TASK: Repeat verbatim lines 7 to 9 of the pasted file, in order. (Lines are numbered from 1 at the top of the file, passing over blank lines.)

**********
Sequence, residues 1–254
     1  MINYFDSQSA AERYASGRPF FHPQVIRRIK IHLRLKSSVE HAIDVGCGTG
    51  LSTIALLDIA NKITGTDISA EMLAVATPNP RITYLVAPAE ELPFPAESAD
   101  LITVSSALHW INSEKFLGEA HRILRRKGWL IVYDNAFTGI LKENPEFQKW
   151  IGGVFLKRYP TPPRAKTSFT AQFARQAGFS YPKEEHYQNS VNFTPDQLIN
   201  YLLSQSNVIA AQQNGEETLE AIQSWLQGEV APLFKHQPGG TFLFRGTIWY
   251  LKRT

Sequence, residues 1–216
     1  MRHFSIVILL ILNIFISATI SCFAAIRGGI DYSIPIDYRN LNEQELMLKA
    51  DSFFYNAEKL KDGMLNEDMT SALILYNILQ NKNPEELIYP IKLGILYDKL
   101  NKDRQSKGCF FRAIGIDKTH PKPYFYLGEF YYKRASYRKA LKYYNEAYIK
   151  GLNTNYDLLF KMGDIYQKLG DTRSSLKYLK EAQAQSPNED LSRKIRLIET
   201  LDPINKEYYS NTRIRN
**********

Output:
   251  LKRT

Sequence, residues 1–216
     1  MRHFSIVILL ILNIFISATI SCFAAIRGGI DYSIPIDYRN LNEQELMLKA